If you’re in the market for speech-to-text software, you also need to watch out for fraudulent applications or chatbots. Cybercriminals, too, follow the latest trends, and given how popular this software has become, they could launch fake apps as a lure to compromise victims with malware.

These malicious apps may be copycats of legitimate applications, making it difficult for users to separate the wheat from the chaff. The bogus apps can be very successful in their malevolent mission you don’t check the app’s legitimacy or who is behind it, let alone examine its privacy policy.

Cybercriminals have been spotted rolling out imposters for popular utility programs such as file converters and readers, video editors and keyboard apps. In fact, we have seen various malicious apps that claimed to offer various functionalities, from PDF and QR code readers to language translators and image editors.

Information theft

Stolen audio and text can be weaponized for cyberattacks, including those involving audio deepfakes that can then be leveraged for social engineering attacks or the distribution of fake news.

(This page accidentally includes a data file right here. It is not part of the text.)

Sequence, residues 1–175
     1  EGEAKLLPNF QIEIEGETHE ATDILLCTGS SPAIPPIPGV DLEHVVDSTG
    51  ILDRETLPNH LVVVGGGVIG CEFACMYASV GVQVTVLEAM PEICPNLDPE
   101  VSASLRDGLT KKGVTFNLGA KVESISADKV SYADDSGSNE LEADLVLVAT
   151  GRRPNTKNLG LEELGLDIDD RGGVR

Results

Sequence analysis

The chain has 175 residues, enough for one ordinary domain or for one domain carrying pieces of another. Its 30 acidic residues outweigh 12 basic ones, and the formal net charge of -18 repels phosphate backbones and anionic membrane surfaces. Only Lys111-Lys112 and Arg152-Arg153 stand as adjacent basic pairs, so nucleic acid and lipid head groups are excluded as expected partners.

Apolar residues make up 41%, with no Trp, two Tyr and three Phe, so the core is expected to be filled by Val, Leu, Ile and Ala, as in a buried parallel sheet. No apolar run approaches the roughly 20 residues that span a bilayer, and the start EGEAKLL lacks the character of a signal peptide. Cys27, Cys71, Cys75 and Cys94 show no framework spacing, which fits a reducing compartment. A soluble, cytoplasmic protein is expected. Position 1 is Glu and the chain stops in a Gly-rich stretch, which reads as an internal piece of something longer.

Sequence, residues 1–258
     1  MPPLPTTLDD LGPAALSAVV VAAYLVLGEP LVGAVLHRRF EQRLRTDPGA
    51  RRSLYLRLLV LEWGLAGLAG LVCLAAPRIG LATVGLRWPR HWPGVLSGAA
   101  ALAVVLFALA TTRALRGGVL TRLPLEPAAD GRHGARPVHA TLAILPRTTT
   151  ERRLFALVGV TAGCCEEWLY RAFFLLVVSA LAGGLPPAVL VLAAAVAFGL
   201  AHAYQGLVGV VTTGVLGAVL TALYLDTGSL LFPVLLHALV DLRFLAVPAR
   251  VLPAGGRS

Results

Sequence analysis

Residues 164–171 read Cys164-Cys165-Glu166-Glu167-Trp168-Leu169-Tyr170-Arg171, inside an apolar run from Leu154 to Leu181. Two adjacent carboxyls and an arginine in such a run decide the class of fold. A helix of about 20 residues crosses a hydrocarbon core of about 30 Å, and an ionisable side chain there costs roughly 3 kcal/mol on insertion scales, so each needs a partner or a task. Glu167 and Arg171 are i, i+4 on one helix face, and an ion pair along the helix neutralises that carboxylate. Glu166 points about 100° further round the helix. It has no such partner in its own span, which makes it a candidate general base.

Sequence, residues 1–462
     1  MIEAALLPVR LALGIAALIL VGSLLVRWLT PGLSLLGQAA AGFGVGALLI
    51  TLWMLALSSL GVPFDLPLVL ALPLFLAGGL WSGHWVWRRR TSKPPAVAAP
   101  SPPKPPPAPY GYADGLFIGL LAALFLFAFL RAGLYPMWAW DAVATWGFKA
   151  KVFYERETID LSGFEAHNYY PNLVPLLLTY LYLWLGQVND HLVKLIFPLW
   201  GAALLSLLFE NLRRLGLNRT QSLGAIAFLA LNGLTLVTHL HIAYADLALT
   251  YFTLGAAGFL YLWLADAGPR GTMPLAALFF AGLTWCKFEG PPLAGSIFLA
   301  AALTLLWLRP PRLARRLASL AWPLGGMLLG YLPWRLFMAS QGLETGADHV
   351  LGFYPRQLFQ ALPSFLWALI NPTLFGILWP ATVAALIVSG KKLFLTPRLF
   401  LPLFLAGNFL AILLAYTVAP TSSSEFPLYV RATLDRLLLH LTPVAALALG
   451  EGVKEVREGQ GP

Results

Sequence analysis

The process would generally involve two steps: training the machine learning model and using the model itself.

In the first step, the model uses audio signal processing and natural language processing techniques to learn how words are pronounced and how sentences are structured. Once the model is trained with enough data, it would be able to generate text from an audio file.

An attacker could use the model to manipulate stolen audios and make victims say things they never said, including to blackmail, extort or impersonate them in order to trick their employers or relatives. They could also pose as a public figure to generate fake news stories.

Staying safe

  • Use trusted platforms

Use verified service providers that adhere to regulations such as GDPR and industry best practices, and source your apps from official mobile app stores. In other words, steer clear of unknown or unverified sources may expose you to malicious impostors.

  • Read the fine print

Examine the privacy policies of service providers, paying particular attention to sections about whether your speech data is stored and shared with third parties, who has access to it, and whether it is encrypted during transmission and in storage. Enquire about their data retention policies, as well as about whether any of your information is deleted on request. Ideally, you wouldn’t use services that collect such data or where the data is not anonymized.

  • Avoid sharing sensitive information

Refrain from sharing confidential or sensitive details, notably things like passwords or financial information, through speech-to-text software.

  • Update

Keep all your software up-to-date with the latest security updates and patches. to avoid falling victim to attacks exploiting vulnerabilities in the software. To further boost your protection, use reputable multi-layered security software.